In remodeling, does spelling matter?

Licensedinsured2_2You might think I'm making this up, but I actually saw the words to your right on a contractor's website. And it is an actual licensed contractor, with a freshly minted license number.

But when I saw this website, with the misspelled words, red flags went up.

Is it just because I'm a writer that I care about spelling, grammar and punctuation? Or do infractions like "licens & insurd" on a contractor's website or brochure indicate a deeper reality? Or are these things irrelevant in the world of remodeling?

So, does spelling matter? Would these words on a website cause you alarm?

Or would you figure this is an unsophisticated contractor from whom you could get a good deal, and who needs a contractor with a master's degree anyway?

What do you think?

5 Comments on In remodeling, does spelling matter?

  1. Stop The Madness

    No matter if I’m reading an advertisement, a menu, etc., I believe that the way one reflects themselves/their business in print speaks volumes. It says that they didn’t take the time to make sure it was right. It even suggests that they probably don’t really even HAVE a license if they couldn’t bother to glance at the piece of paper they’ve received. This contractor’s ad telegraphs a clear lack of attention to detail, whether or not that’s actually the case in his actual work product.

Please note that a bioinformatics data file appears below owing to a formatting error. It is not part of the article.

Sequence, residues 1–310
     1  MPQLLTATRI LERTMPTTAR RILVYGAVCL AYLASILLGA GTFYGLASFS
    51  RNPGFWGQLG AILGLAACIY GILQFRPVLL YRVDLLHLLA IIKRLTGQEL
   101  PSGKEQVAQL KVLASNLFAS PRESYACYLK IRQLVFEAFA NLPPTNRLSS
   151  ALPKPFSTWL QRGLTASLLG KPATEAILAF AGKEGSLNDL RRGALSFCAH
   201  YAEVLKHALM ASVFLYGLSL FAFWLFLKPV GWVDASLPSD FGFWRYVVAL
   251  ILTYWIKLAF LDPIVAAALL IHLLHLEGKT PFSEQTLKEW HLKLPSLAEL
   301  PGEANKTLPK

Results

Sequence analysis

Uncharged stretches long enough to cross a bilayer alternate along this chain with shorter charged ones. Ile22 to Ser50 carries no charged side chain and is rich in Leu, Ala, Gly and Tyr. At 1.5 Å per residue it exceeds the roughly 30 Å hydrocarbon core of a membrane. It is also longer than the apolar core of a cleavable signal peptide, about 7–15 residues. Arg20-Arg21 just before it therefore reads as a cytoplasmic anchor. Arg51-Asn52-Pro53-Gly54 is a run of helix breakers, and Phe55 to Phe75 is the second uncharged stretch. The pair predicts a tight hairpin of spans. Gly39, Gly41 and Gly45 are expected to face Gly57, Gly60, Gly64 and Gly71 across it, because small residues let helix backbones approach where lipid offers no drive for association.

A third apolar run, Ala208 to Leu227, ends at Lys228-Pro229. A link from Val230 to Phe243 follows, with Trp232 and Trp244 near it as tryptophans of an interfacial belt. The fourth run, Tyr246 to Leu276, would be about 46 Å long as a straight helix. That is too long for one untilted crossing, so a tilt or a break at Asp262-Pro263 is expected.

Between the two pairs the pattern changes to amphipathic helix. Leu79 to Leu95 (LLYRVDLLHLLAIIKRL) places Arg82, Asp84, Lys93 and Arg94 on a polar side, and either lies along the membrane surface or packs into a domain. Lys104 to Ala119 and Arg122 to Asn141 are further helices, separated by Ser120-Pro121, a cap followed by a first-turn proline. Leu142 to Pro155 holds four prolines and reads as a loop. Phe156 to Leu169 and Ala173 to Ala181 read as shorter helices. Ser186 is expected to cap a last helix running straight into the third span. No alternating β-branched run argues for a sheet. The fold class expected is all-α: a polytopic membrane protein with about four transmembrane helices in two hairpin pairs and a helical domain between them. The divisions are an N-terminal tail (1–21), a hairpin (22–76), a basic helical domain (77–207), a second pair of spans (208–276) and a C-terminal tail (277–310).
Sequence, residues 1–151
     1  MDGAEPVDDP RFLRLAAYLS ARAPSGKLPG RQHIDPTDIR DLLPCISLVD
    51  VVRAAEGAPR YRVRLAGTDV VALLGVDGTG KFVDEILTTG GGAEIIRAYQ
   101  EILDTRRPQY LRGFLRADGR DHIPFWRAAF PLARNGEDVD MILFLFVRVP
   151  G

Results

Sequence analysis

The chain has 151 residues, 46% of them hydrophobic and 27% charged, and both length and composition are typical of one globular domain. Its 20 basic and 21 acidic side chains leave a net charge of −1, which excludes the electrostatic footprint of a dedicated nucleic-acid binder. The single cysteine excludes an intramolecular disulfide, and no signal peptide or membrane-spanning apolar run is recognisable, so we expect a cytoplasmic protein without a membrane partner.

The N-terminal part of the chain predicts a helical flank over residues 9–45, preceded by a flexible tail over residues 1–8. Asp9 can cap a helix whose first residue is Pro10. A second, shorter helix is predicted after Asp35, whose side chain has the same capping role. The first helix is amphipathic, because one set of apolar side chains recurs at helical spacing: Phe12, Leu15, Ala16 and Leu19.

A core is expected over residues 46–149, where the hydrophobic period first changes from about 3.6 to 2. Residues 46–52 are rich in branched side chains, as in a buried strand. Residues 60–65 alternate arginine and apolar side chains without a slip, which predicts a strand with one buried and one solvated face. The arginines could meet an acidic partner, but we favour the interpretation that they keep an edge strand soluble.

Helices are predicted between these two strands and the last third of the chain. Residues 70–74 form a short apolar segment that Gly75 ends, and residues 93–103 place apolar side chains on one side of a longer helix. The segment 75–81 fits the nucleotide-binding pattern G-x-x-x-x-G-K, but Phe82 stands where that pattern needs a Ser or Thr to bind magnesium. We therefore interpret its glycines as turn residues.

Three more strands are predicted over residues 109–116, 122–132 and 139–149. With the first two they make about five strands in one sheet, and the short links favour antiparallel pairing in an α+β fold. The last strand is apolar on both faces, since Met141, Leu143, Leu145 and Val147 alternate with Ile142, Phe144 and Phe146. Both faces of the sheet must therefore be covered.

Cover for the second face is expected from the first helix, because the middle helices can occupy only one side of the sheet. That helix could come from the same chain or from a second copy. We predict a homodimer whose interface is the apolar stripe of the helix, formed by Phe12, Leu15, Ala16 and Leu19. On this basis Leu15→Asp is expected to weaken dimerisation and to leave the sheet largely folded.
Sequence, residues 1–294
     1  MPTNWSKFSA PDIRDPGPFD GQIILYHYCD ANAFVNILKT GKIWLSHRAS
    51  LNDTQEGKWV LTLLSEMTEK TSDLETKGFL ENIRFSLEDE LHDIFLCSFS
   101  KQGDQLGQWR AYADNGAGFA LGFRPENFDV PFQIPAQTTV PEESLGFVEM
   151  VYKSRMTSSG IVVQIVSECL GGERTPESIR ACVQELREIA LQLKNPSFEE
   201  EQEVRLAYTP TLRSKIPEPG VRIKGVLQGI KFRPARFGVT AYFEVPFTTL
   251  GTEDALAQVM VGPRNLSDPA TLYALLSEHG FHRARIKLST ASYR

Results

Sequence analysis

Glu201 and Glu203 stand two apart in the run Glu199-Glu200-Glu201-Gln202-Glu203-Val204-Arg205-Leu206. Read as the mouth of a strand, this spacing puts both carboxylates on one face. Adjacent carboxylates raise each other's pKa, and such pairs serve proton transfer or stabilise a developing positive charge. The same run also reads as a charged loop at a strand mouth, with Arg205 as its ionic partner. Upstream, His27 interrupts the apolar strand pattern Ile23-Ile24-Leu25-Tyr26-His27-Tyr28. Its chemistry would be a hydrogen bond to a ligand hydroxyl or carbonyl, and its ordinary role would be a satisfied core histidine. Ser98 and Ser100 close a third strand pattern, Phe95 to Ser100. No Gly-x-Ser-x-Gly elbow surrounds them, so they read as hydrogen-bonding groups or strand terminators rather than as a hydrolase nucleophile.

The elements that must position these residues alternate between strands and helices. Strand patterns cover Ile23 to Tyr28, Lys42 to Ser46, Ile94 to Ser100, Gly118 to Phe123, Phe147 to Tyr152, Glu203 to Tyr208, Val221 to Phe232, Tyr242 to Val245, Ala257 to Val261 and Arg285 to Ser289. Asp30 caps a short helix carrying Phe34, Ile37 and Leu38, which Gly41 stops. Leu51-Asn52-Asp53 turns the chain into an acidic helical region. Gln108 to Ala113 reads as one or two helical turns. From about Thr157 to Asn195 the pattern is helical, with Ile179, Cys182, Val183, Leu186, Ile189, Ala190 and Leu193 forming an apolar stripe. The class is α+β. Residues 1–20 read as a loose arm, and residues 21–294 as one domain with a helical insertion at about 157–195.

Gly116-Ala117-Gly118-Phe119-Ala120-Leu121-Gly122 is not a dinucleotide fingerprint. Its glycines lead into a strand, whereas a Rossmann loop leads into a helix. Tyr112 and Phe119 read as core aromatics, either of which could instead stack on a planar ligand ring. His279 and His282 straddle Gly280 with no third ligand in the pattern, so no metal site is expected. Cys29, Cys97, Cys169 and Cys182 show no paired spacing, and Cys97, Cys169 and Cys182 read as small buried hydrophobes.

Being a non-native speaker is no excuse. I have a degree in Spanish but it is certainly not my native language. Were I to publish something in Spanish, there are a million dictionaries and internet translation sites to consult if I were unsure of a word’s spelling.
    Thanks for bringing up this topic. It’s one of my pet peeves (imagine me trying to weed through the internet dating sites…oy vey). I’ve only bothered to contact someone one time about a spelling error: a realtor was driving me crazy by advertising future condo developments as “Comming Soon”.

  2. lil_gaucha

    I don’t know. I personally would have big red flags go up. I do any time I get a brochure or e-mail with misspellings and typos.
    But is it fair? I don’t know this person. He or she may have some kind of learning disability or have learned English as a second language.
    I think I’d probably go with someone else, but send them an e-mail alerting them to the problem. A web site (or not having one at all) is used more and more by potential customers trying to find extra ways to check out the professionalism, reputation and previous work of contractors and other workers. It’s definitely in this guy’s (or gal’s) best interest to fix it.

  3. Carl Heldmann

    I think the contractor wanted to do four things when he (or she) put that message up.
    1. Be funny
    2. Get your attention.
    3. Make you remember.
    4. Have people talk about it.
    He (or she) succeeded on all counts.
    I’m going to have to try that.
    Carl Heldmann

  4. BAM

    Poor spelling is a big red flag for me. As an example, if the contractor can’t spell, how can I feel assured that he can do the math to provide me with an accurate estimate?

  5. David Kean

    If someone does not take the time to spell-check items to be posted on their website information it does not bode well for their attention to detail.
    Know Tank Yu.